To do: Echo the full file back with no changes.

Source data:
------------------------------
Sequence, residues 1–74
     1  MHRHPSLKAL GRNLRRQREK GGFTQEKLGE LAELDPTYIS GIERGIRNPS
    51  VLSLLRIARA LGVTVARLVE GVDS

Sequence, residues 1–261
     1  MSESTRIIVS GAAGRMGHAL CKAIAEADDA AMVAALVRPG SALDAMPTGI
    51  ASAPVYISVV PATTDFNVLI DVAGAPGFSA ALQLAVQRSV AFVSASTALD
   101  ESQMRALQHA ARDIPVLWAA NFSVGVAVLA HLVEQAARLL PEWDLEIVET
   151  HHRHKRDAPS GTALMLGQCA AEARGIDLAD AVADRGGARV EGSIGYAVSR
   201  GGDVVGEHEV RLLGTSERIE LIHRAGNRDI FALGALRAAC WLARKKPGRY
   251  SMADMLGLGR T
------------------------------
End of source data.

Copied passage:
Sequence, residues 1–74
     1  MHRHPSLKAL GRNLRRQREK GGFTQEKLGE LAELDPTYIS GIERGIRNPS
    51  VLSLLRIARA LGVTVARLVE GVDS

Sequence, residues 1–261
     1  MSESTRIIVS GAAGRMGHAL CKAIAEADDA AMVAALVRPG SALDAMPTGI
    51  ASAPVYISVV PATTDFNVLI DVAGAPGFSA ALQLAVQRSV AFVSASTALD
   101  ESQMRALQHA ARDIPVLWAA NFSVGVAVLA HLVEQAARLL PEWDLEIVET
   151  HHRHKRDAPS GTALMLGQCA AEARGIDLAD AVADRGGARV EGSIGYAVSR
   201  GGDVVGEHEV RLLGTSERIE LIHRAGNRDI FALGALRAAC WLARKKPGRY
   251  SMADMLGLGR T